The 10 mg tablets are round, white, film-coated, marked “CL”.
The 40 mg tablets are oval, white, scored, film-coated, marked with “C” and “R”.
Both the strengths are available in blister packs of 28 tablets.
These tablets are manufactured by:
H. Lundbeck A/S - Ottiliavej 9 - 2500 Valby - Denmark
For any information about this medicine, please contact the Marketing Authorisation holder:
Milton Keynes MK7 6BZ
This leaflet was last revised in 03/2015
request a copy of this leaflet in braille, large print or audio please call free of charge:
0800 198 5000
Please be ready to give the following information:
Product code number
Cipramil 10 mg film-coated tablets
Cipramil 40 mg film-coated tablets
This is a service provided by the Royal National Institute of Blind People.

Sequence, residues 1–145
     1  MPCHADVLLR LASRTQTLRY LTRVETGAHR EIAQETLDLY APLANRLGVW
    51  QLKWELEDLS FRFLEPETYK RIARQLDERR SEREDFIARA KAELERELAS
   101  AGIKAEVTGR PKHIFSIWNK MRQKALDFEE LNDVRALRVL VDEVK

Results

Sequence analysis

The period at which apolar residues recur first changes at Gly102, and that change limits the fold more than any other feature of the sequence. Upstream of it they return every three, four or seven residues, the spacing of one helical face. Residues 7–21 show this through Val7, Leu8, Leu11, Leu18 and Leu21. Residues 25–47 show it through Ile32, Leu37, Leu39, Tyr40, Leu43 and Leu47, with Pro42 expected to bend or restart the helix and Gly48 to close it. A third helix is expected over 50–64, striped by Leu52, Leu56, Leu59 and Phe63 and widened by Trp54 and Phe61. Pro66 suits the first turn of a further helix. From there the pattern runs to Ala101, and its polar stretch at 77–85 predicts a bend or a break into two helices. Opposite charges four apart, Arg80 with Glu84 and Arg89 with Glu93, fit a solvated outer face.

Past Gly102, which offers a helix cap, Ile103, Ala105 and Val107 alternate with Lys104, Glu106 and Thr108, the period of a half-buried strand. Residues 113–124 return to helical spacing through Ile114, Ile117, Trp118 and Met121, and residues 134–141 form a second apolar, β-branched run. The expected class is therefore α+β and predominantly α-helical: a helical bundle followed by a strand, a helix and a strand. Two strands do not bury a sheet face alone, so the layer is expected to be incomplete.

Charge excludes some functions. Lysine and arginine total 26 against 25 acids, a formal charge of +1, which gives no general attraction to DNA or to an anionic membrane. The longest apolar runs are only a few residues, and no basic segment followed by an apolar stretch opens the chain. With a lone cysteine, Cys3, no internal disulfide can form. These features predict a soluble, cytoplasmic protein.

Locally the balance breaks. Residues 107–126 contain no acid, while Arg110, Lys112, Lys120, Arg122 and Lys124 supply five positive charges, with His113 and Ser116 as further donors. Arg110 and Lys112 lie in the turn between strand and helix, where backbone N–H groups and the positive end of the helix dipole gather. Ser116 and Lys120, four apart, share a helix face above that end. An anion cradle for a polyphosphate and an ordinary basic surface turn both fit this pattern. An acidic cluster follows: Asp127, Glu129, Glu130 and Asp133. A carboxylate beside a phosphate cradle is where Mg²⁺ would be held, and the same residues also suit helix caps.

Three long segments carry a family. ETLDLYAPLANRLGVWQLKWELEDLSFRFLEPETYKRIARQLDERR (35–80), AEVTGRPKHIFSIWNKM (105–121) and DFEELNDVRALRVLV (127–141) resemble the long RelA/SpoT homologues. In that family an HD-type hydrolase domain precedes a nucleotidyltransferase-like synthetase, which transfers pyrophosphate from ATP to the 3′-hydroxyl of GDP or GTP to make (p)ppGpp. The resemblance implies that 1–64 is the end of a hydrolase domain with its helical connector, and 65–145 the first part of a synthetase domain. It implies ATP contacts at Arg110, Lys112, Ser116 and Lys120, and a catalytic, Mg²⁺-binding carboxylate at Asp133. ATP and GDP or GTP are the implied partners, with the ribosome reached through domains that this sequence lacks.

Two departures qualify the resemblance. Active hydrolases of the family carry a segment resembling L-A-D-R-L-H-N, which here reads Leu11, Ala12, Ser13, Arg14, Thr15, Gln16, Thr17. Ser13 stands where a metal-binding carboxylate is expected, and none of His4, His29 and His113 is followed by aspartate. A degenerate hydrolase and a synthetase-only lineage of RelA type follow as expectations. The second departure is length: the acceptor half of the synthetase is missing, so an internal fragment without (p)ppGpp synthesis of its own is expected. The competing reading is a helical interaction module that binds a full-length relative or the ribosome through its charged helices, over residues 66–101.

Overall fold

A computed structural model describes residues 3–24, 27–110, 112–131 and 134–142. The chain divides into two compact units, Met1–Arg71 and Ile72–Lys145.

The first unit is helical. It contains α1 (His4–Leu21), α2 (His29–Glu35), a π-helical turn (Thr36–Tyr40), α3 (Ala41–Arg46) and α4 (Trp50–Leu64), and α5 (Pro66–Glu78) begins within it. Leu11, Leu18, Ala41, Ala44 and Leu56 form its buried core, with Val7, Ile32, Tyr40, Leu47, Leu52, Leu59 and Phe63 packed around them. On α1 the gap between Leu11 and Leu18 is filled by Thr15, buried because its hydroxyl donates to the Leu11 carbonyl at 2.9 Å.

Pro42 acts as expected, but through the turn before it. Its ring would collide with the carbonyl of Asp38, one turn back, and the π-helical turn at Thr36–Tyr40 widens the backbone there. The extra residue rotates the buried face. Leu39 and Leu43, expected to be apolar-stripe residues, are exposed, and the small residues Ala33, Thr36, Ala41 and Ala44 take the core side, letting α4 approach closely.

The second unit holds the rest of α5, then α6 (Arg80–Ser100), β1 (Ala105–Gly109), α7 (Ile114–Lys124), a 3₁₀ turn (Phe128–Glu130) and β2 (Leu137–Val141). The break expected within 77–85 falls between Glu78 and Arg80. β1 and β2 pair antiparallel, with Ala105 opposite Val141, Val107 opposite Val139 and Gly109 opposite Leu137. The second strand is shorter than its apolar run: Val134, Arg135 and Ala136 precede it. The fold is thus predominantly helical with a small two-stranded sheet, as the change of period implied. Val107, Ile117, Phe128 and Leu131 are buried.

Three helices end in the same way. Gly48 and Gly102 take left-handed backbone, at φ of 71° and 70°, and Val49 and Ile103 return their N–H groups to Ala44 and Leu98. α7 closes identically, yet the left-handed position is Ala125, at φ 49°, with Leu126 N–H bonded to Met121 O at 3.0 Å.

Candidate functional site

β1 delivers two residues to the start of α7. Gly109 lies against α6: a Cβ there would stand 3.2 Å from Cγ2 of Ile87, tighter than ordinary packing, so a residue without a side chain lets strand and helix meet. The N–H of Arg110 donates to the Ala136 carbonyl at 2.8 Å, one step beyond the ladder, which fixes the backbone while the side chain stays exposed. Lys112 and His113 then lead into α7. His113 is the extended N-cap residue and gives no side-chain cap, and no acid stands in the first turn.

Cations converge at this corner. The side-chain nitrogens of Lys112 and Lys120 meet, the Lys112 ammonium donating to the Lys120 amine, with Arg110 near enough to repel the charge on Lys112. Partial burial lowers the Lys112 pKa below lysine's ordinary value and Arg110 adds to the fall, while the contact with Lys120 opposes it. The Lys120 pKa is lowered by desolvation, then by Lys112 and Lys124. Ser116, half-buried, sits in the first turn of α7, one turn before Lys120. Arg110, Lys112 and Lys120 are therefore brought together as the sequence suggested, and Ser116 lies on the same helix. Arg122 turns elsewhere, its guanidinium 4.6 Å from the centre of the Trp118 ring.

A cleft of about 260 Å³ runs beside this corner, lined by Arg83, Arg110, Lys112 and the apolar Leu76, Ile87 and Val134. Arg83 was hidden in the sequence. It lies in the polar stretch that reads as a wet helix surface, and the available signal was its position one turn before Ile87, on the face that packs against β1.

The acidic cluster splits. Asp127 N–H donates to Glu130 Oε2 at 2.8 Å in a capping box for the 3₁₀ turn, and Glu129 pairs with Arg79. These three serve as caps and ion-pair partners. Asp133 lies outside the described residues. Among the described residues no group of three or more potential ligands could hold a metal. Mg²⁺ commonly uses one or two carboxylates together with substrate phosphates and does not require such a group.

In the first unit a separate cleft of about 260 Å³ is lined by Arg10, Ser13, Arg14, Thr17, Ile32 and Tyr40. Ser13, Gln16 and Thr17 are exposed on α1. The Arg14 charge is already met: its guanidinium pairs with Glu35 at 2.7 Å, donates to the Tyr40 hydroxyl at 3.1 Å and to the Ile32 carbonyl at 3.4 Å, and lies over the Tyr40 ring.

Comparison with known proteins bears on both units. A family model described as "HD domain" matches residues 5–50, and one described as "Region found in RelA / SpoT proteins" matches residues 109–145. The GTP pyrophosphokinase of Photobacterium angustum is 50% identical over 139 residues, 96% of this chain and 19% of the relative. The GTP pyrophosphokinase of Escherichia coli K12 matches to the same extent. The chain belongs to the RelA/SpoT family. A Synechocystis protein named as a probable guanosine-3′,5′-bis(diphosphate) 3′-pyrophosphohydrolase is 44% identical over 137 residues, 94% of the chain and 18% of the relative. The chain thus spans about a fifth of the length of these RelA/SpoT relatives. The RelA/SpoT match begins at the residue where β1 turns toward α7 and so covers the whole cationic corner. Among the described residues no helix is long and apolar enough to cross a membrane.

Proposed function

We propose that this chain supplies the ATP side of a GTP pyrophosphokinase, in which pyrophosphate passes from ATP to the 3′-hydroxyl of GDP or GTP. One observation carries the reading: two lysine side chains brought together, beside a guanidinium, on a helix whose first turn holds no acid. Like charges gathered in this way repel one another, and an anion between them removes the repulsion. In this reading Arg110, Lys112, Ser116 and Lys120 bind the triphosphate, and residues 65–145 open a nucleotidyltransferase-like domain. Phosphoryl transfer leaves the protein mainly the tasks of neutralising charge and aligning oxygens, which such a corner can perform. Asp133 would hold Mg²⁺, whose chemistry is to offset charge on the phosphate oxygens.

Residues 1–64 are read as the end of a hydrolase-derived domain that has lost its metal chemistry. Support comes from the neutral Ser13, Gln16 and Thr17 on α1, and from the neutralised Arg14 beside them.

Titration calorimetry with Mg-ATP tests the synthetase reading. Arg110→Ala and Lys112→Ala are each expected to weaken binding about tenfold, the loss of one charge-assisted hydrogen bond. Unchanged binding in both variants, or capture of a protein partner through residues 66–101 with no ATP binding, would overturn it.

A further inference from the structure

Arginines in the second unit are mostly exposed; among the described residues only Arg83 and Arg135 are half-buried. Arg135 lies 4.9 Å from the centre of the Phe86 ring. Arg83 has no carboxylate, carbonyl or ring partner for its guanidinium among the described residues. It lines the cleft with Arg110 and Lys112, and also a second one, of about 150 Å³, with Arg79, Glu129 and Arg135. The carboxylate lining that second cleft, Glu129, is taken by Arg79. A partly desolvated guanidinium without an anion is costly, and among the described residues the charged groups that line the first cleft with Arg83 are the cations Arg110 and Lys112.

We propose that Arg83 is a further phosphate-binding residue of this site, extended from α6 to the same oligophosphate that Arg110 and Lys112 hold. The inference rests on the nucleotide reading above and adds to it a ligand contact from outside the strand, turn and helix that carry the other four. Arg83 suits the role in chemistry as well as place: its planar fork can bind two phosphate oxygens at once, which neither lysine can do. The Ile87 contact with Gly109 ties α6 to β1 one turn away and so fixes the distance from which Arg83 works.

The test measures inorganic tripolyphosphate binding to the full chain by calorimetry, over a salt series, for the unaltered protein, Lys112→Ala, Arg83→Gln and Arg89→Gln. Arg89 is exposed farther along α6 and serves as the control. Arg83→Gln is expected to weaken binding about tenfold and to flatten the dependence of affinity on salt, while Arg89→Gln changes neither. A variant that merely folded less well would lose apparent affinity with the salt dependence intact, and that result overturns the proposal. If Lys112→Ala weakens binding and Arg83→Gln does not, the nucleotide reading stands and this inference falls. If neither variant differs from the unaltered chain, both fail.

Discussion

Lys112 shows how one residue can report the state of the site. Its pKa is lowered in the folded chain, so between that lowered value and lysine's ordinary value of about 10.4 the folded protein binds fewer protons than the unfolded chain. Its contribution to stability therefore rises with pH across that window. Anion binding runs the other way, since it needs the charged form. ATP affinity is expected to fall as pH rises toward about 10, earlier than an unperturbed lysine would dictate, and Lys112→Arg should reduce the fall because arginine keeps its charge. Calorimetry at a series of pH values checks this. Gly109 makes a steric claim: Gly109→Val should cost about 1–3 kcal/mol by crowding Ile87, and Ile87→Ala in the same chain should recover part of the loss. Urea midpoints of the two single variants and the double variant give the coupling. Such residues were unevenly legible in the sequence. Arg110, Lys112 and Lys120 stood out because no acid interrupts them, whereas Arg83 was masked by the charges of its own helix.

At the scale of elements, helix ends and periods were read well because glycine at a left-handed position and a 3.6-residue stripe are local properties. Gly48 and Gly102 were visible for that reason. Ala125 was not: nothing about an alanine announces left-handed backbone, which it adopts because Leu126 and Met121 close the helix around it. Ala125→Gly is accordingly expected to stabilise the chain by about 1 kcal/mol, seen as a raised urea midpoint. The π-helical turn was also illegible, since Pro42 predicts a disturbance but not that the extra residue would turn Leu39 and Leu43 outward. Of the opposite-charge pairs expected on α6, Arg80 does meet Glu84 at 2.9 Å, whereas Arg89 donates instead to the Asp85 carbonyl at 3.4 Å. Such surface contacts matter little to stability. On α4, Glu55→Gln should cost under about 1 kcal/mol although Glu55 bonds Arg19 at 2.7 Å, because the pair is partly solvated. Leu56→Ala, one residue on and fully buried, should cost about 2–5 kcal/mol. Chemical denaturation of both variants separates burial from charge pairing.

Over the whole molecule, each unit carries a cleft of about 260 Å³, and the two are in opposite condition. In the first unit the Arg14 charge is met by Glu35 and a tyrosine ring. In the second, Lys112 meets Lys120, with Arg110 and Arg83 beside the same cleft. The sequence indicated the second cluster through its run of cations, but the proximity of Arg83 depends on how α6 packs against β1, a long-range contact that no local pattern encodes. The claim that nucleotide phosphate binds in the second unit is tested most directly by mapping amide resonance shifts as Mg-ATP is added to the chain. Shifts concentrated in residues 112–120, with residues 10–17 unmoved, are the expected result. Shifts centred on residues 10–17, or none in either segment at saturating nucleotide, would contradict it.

Source: Medicines and Healthcare Products Regulatory Agency
Disclaimer: Every effort has been made to ensure that the information provided here is accurate, up-to-date and complete, but no guarantee is made to that effect. Drug information contained herein may be time sensitive. This information has been compiled for use by healthcare practitioners and consumers in the United States. The absence of a warning for a given drug or combination thereof in no way should be construed to indicate that the drug or combination is safe, effective or appropriate for any given patient. If you have questions about the substances you are taking, check with your doctor, nurse or pharmacist.